A Florida man faces stiff penalties for allegedly accessing someone’s residential WiFi Internet connection while parked outside the supposed victim’s home in April.
Police in St. Petersburg reportedly said 41-year-old Benjamin Smith would be charged with unlawfully accessing a computer network, a crime carrying a penalty of as many as five years in prison. However, Smith could also be sentenced to probation, depending on his intent and activity while allegedly accessing a fellow Floridian’s wireless network, officials said.
While some have described the case, which is set to begin with a pretrial hearing Monday, as an overkill reaction to an increasingly common activity, the supposed victim in the case expressed legitimate concern that his data was at risk and his connection might be used for illegal or illicit purposes.
Wireless experts said the case highlighted how insecure most home wireless networks are, as well as the significance of potential data loss, identity theft or getting your computer hijacked for malicious activity that can carry liability.
Ovum Vice President of Wireless Telecoms Roger Entner called the Florida case and others involving unauthorized wireless access of private hotspots “common theft.”
“This is very similar to you walking down the street where a store has apples and oranges, and you grab one and keep going,” Entner told TechNewsWorld.
The analyst indicated there appears to to be more and more unauthorized wireless access and charges against those who do it. Even if the Internet activity is simple browsing or e-mail, Entner said that it is still theft of bandwidth, which makes the price of bandwidth for everyone else go up.
“Just because it’s happening, and I think it’s happening frequently, doesn’t make it right,” he concluded.
Because a large number technology users do not secure their wireless hotspots, Entner added, they open themselves up to liability for the illegal actions of others.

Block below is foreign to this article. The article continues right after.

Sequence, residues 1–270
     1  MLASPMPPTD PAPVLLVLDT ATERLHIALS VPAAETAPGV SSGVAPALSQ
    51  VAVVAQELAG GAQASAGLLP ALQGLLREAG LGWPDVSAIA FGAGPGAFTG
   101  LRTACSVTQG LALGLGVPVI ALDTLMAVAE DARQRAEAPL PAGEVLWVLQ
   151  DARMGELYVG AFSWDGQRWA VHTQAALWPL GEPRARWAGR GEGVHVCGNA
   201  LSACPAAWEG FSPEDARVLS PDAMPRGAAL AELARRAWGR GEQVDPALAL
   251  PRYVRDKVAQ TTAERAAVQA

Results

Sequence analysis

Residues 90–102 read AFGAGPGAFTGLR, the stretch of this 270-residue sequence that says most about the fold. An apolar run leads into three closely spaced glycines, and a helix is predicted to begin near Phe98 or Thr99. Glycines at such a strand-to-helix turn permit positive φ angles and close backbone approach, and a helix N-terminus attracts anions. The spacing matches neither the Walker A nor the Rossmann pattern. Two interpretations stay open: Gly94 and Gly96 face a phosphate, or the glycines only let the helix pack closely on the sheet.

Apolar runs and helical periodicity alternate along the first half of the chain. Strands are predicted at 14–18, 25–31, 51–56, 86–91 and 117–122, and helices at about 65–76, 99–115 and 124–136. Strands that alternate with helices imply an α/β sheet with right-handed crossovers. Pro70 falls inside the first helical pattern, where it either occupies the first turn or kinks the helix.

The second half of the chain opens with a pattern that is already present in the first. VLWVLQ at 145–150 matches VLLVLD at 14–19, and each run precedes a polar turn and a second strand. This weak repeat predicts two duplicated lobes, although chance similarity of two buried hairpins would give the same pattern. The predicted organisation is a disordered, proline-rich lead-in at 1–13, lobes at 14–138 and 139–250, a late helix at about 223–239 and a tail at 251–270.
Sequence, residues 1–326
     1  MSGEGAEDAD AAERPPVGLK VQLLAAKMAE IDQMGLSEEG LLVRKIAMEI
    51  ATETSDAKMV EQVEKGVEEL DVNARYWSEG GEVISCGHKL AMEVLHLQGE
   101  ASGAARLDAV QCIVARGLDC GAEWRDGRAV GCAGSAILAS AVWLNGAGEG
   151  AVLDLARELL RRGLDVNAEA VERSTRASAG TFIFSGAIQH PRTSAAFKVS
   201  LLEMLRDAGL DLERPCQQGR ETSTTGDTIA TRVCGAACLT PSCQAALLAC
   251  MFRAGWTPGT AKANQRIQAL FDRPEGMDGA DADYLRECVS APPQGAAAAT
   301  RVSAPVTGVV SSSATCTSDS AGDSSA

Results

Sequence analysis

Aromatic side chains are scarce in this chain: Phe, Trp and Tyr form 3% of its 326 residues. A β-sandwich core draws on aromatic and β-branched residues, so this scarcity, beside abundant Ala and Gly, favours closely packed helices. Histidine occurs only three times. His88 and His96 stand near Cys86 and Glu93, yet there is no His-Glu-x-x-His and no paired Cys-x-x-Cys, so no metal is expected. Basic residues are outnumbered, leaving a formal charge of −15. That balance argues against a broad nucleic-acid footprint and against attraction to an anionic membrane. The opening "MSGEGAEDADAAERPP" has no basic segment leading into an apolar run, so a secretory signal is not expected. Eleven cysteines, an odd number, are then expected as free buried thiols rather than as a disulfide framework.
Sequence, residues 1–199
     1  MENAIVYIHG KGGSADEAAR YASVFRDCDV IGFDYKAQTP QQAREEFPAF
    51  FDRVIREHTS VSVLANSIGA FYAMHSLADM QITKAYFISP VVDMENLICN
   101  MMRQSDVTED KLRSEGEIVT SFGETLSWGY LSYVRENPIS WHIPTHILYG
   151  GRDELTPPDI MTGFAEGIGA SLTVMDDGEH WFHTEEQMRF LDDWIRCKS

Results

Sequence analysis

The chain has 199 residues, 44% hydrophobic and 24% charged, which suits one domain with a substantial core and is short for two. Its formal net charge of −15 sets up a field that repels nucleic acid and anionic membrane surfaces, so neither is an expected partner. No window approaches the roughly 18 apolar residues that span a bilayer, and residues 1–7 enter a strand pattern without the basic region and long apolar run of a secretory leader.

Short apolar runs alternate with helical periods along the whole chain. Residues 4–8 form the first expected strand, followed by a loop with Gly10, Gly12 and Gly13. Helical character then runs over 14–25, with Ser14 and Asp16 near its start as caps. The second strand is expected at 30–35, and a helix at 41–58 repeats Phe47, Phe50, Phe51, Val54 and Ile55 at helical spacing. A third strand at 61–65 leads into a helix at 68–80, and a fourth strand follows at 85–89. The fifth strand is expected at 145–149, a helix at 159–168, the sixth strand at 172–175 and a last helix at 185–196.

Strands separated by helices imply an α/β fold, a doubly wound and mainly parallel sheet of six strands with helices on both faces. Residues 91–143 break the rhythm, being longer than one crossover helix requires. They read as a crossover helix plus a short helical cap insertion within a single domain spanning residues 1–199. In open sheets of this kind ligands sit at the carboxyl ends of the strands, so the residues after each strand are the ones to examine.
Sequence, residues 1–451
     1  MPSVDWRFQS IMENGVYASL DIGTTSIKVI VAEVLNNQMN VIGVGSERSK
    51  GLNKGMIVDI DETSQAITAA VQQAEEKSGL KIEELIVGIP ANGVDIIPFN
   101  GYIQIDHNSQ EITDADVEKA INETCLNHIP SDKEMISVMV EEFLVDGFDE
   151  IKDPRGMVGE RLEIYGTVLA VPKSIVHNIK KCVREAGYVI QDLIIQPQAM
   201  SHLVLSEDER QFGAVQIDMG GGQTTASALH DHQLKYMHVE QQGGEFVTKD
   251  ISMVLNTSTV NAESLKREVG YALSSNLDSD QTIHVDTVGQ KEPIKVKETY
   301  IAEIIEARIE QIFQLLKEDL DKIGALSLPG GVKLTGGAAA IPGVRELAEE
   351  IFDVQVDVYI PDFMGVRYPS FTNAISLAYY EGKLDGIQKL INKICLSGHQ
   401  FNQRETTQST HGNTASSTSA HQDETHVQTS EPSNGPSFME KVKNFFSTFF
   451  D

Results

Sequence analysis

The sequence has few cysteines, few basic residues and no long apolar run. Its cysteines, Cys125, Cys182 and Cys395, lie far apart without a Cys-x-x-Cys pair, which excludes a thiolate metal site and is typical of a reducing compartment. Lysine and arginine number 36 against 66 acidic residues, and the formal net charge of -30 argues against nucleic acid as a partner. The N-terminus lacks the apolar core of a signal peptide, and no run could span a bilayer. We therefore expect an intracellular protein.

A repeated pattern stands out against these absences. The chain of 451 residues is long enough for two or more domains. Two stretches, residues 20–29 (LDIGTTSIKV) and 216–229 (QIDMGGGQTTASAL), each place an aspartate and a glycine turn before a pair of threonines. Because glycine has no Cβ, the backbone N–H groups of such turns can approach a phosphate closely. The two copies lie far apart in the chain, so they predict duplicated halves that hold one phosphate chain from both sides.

“The other danger is that you can mimic, you can assume the digital identity of the person who owns the hotspot, and you can engage in a range of things, such as slandering or downloading child pornography. In the end, it’s the person who has the hotspot who will get nailed for it,” Entner said.
Entner advised wireless users to simply turn on whatever security their WiFi products provide. Doing so, he said, shows at least some effort to secure the network, thereby alleviating some of the users’ liability. Anything is better than nothing, he indicated.
“Take the strongest encryption and go with it,” the analyst said.
Victims or Vehicles for Theft?
Gartner vice president of mobile computing Ken Dulaney told TechNewsWorld there were differing opinions on the Florida and other wireless trespassing cases. One side argues that the issue is equivalent to burglary of an unlocked home, which is still theft; the other argument argues that wireless users are inviting the offense with a lack of security.
“I tend to think it’s not an invasion of your home,” Dulaney said. “You’re sending something outside your house. If you don’t secure it, shame on you.”
Dulaney said the Florida case for Smith is “right up there with the McDonald’s hot coffee suit.”
The analyst added that he did not think such cases, even if they increase in number and prominence, will impact the wireless industry, indicating that vendors have done all they can so far. While securing hotspots is still a bit difficult, he said, it has become much easier in the past two years.